For Chicago area students, school is about to begin or already has.
A really common call that I get is from a parent who has a child that has been injured at a school. Most of these calls go nowhere, not because there isn’t negligence or an injury, but because to sue a public school in Illinois you have to show “willful and wanton neglect.” In plain English that means that general negligence isn’t enough to win, but instead you need to show that the school did something intentionally or with reckless disregard. See if you can figure out which one of the following would be a lawsuit against the school:
- A food fight breaks out in the cafeteria. One minute in to it a 5th grade girl gets hit in the eye with a cheeseburger and goes blind.
- The gym teacher, who has no criminal record, is caught making out with a freshman girl after he gave her beer.
- A group of boys is playing football at recess. One of them is running for a pass and falls, landing on broken glass in the field and cuts up his face.
- First graders at recess are on the monkey bars. The bar breaks and a boy falls, breaking his arm.
- In class, two kids get in a fight. One of them throws a chair that hits and injures a student that had nothing to do with the fight.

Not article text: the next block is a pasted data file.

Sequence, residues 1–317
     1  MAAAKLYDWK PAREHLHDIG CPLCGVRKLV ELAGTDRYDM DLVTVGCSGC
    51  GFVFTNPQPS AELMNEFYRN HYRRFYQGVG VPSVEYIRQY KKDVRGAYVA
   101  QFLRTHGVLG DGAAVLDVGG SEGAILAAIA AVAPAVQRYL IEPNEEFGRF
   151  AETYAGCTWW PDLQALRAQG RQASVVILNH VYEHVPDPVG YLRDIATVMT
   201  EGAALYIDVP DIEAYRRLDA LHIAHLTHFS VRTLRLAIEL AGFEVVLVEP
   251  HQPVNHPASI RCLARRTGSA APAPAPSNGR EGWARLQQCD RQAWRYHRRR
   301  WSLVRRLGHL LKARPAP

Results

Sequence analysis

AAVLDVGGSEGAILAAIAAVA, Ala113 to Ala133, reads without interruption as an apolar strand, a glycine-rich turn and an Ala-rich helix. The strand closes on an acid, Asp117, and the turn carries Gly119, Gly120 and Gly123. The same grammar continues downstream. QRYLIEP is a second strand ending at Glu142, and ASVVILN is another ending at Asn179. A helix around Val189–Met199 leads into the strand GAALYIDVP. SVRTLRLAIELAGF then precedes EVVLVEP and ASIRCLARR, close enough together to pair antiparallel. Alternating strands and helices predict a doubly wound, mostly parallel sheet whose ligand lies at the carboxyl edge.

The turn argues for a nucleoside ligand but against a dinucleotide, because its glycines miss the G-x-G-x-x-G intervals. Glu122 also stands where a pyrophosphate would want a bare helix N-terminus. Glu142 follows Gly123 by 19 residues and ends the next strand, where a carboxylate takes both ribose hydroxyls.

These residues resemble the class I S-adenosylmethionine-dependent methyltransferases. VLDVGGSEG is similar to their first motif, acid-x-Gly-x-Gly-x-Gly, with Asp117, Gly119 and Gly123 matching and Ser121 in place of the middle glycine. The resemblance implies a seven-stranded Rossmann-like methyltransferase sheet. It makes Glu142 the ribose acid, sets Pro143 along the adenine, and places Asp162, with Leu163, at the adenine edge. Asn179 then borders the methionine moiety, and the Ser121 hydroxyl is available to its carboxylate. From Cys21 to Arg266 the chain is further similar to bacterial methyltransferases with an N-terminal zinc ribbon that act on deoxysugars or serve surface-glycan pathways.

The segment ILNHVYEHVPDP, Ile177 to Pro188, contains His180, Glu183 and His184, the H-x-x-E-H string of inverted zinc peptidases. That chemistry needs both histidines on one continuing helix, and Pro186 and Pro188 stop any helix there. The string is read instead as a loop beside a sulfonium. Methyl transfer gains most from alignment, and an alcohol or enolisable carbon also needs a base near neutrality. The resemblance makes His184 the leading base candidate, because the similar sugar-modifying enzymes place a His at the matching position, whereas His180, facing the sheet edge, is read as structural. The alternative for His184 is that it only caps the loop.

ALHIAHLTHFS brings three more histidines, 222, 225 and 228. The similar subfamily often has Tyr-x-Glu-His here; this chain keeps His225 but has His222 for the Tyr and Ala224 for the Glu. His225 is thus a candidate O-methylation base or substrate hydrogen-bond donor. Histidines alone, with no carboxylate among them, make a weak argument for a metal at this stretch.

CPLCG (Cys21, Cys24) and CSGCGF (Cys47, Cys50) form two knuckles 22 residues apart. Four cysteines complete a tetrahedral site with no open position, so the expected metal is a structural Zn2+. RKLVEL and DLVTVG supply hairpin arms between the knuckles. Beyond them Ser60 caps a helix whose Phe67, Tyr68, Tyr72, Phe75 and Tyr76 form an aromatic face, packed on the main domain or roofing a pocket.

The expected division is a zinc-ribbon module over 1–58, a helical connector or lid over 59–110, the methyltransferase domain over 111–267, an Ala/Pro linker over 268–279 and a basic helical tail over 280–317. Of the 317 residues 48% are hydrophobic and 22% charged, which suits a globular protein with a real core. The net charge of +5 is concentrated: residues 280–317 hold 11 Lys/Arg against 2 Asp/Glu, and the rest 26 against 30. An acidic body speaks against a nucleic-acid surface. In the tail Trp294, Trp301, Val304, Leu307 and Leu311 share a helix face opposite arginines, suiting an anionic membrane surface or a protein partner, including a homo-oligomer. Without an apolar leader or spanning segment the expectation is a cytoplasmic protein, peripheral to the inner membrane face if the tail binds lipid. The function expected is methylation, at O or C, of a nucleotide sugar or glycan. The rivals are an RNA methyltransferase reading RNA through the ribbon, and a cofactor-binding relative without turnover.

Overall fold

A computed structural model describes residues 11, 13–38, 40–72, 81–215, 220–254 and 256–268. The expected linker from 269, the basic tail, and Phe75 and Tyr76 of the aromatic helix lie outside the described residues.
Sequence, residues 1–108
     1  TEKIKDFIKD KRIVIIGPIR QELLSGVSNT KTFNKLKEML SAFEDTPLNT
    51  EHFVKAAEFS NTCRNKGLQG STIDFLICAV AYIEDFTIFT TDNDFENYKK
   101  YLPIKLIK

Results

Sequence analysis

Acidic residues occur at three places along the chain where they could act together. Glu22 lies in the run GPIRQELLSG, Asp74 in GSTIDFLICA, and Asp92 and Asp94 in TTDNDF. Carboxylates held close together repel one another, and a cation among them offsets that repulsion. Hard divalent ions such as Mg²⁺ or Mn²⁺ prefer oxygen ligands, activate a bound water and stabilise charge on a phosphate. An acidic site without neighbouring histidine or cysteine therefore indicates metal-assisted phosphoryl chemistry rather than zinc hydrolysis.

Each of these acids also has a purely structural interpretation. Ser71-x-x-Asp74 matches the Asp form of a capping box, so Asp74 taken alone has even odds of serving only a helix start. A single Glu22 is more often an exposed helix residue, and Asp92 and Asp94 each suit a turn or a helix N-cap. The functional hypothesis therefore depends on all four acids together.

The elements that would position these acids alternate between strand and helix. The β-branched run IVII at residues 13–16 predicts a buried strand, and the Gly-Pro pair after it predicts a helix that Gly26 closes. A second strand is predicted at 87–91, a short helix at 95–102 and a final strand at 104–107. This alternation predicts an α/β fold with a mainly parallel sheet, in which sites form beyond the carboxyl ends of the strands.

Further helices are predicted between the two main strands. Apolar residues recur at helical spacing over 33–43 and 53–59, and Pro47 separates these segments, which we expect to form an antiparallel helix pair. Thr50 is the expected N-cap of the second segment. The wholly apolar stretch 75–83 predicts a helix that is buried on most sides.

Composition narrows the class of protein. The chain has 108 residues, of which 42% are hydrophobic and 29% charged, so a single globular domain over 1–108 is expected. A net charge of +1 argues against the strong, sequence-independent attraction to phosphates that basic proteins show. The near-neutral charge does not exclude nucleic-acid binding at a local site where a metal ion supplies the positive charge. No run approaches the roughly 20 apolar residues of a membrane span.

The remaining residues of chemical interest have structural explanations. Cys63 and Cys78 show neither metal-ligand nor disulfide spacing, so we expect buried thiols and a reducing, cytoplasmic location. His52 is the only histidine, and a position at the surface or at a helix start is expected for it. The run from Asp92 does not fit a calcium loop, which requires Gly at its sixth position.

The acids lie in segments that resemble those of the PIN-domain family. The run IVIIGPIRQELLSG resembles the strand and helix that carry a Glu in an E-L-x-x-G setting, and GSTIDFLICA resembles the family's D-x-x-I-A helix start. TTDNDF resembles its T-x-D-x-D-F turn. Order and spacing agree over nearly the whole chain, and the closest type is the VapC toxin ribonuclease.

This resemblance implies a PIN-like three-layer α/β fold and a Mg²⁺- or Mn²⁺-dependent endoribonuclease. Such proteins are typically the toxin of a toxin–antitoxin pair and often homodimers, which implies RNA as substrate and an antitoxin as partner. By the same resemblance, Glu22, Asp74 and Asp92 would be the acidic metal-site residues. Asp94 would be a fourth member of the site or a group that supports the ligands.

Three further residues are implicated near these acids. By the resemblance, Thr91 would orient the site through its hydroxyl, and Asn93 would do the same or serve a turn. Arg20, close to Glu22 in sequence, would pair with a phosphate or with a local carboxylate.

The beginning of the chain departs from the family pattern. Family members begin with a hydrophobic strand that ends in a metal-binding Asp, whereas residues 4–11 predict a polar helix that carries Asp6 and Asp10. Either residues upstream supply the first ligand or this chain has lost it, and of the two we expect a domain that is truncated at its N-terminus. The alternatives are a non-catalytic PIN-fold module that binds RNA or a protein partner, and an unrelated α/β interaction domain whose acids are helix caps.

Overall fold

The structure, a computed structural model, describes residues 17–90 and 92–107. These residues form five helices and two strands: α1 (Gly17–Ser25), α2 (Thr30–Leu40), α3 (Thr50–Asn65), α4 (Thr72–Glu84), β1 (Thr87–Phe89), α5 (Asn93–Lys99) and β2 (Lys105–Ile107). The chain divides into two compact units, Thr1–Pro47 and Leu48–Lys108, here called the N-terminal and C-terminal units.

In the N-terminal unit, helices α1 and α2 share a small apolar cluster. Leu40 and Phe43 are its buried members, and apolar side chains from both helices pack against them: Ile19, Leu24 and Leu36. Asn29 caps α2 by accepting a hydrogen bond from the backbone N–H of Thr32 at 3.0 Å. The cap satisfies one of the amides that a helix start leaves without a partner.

- In the varsity football game, a player is pushed out of bounds in to a brick wall that is three feet from the sideline and is paralyzed after his head hits the wall.
- The teacher asks a student to deliver a note to the office and while walking there, the student slips on a wet floor and breaks their leg.
- A little girl dies when she was running in gym and had an asthma attack.
In my opinion, none of these cases except number six would be likely to result in a successful lawsuit against a public school. With the caveat that every case is different and I don’t want anyone relying on what I’m saying here in order to make a final decision (aka, lawyer disclaimer), here’s why:
- There is no way that the school could have seen this coming.
- Believe it or not, unless a school has notice that a teacher is doing these types of things or has a background of doing it, the school can’t be held responsible for a molestation by a teacher.
- Unless the school knew there was glass there and refused to clean it up, this case has no chance.
- Similar to #3, you’d have to prove that the school knew of a problem with the bars and chose to ignore it.
- Doesn’t meet the standard because the teacher is not involved in the fight. If they let it go on for a while or it happened day after day it might be a different story.
- This actually happened and the school settled because it could be said that having kids play football that close to a brick wall (the actual case might have been a fence) was reckless disregard for their safety.
- Certainly negligent, but not reckless disregard here or an intentional act.
- Unless the girl was saying that she couldn’t breathe and the teacher forced her to run anyway there would be no reckless disregard.
Now, doesn’t that get you excited for the school year? This is all a result of Governmental immunities. Basically the State says that if it’s publicly run then you have less rights. They would never do this for a private business, but this is a classic case of do as I say, not what I do.
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